The early church was stupefied by the bar that Jesus set for the rest of us.  Look at this scene.  First of all, he is acting like a common servant, rather than lording it over everyone.   He is addressing their needs.  In a world where the strong are always taking advantage of the weak, the important exercise their privileges over the marginalized—Jesus who is Teacher and Lord attends to their most basic needs like a simple servant.  But it gets better and better as the onion skin layers are peeled back on this one.

Secondly, not only was Jesus refusing to dominate, he was washing the feet of Peter, in whom he had invested so much and who was about to disown him to save his own hide.  Peter’s subsequent behavior was the opposite of “I’ve got your back,” which is what he promised to Jesus.  He was incapable of being his best self.  He caved.  And then Judas.  He was willing to make money off of Jesus’ capture.  Don’t you just want to step in the scene and say, “You total scum bag!  You are not worth the space you are taking up!”  But Jesus washed his feet!  Who can do this?  Who can love like this? 

Are We Supposed to Do This?

Then, it’s amazing enough that Jesus would be capable of this, but does he expect us to love like that?  Well, in fact, Jesus makes it clear in this painting by John that he is intentionally setting an example, a bar to be lived up to.  Whew!  Who can do this?  Paul in his letter to the Romans reflects on this bar (Romans 5:8).    Paul says he could understand dying for a good person, but giving your life for a certifiable scumbag? “But God proves his love for us in that while we still were sinners, Christ died for us.”  Who could imitate this kind of love?  This is awesome that Jesus could do it, but how could I ever?!

Stage One

There was a Rwandan woman named Iphigenia from the Tutsi tribe (during the Rwandan genocide of 1994).  Her husband and five children were clubbed and hacked to death by Hutus, including one of her neighbors.  Her neighbor.  This convicted neighbor asked for forgiveness at a tribal court after seven years of imprisonment.  Stage one of moving toward the bar: Iphigenia opened her heart and extended forgiveness.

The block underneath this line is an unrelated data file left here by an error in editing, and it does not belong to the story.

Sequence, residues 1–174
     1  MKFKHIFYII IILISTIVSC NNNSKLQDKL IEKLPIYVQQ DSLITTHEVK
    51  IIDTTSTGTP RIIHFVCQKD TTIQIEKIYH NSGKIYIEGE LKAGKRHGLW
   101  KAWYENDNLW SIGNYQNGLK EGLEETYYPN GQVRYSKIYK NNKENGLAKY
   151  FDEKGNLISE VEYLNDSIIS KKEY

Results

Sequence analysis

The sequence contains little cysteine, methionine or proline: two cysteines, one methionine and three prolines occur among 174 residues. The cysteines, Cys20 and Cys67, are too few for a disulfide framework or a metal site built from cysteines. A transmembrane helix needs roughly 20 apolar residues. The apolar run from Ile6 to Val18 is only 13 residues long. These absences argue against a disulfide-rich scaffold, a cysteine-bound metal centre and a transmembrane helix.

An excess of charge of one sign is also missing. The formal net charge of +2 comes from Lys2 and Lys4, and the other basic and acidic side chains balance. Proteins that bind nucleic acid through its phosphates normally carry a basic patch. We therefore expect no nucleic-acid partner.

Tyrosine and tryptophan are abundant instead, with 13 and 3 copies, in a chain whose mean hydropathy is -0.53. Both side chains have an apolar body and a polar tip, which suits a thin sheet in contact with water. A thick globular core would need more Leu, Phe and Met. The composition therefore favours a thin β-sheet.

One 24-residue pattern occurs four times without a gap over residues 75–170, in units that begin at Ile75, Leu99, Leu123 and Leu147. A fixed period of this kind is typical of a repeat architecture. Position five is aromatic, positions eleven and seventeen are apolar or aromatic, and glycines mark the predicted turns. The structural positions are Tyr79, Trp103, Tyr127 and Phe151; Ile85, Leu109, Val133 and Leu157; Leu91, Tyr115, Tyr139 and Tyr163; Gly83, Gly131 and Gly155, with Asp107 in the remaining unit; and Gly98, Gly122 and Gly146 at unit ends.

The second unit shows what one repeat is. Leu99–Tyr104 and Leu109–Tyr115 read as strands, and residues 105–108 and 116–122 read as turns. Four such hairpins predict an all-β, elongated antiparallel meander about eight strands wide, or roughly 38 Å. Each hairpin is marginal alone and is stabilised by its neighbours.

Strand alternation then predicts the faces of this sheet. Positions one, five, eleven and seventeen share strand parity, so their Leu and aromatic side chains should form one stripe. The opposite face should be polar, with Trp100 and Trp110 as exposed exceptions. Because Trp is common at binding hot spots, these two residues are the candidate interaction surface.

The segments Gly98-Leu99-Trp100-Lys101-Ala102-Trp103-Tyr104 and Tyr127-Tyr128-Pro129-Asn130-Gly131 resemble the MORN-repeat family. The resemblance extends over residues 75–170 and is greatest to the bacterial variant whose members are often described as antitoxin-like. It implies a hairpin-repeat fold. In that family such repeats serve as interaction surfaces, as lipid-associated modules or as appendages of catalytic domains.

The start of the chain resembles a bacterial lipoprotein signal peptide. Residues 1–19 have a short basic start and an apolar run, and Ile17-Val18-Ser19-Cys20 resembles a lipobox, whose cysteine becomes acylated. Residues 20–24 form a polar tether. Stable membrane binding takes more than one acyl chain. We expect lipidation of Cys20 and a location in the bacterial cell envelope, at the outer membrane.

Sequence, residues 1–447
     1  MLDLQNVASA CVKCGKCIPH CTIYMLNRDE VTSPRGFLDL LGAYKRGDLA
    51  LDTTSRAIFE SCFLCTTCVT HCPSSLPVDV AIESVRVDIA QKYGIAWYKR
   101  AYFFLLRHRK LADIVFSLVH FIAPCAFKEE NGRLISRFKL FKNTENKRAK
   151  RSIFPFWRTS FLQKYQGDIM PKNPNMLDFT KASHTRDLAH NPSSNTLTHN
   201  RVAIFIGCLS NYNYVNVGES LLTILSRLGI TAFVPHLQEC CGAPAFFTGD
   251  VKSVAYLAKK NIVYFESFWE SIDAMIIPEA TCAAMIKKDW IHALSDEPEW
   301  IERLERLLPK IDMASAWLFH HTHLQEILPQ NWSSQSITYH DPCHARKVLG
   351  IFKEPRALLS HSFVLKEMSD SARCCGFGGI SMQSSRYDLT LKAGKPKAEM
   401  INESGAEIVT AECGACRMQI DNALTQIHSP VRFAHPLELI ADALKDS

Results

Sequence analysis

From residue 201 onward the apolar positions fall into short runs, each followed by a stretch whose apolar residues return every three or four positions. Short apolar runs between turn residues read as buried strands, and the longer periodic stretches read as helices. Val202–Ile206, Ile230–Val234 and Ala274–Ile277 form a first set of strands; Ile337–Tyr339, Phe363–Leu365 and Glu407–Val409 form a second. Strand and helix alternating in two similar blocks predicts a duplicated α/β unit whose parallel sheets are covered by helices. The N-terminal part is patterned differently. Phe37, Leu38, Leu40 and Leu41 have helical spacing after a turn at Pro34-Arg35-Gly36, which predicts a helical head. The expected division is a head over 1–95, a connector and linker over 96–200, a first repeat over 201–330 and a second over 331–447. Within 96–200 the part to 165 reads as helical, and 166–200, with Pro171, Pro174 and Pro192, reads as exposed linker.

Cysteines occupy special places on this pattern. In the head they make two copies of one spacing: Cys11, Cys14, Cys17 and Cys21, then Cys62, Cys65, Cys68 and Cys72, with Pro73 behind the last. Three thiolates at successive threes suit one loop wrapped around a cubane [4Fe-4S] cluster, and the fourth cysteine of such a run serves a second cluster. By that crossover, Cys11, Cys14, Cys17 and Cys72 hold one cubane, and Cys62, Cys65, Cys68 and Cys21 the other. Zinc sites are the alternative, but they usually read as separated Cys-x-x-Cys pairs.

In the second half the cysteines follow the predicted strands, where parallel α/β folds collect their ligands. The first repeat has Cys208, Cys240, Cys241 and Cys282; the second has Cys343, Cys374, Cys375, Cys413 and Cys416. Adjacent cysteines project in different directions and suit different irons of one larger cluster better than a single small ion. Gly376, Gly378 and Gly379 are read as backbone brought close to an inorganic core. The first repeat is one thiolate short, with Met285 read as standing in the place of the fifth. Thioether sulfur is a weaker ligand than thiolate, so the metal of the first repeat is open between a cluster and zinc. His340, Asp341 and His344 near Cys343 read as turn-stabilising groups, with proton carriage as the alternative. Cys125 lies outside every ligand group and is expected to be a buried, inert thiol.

Stages Two and Three

Iphigenia was a master weaver and later opened her heart wider and (stage two) taught this same neighbor’s wife how to weave baskets.  The two became friends and even business partners.

The reporter who recounted this story, Christiane Amanpour, tells the us that on the day Christiane went to interview Iphigenia, she had opened her heart even wider still—stage three.  Christiane witnessed her serving dinner to the husband of her business partner who had once brutally murdered her husband and children.  She was serving the way Jesus had served; and, like Jesus, she was serving the “undeserving.”

We Can’t Do This…Alone

When asked how she was able to forgive, she said, “I am a Christian, and I pray a lot.”  Part of our heritage as Christians is that we believe we are not alone when we assemble for the Eucharist.  There is always a Mysterious Guest in our assemblies who is in fact washing our feet when we least deserve it and modelling for us how it should be with us when we walk out of the assembly.  It is an impossible bar to reach for alone, but we are not alone in the task.  For those who want to learn the depths of love, follow him…and her.

Sts. Clare & Francis (Eucharist held at St. Stanislaus)
Holy Thursday, 2014
Focus text: John 13:1-35

Photo by John Ragai on

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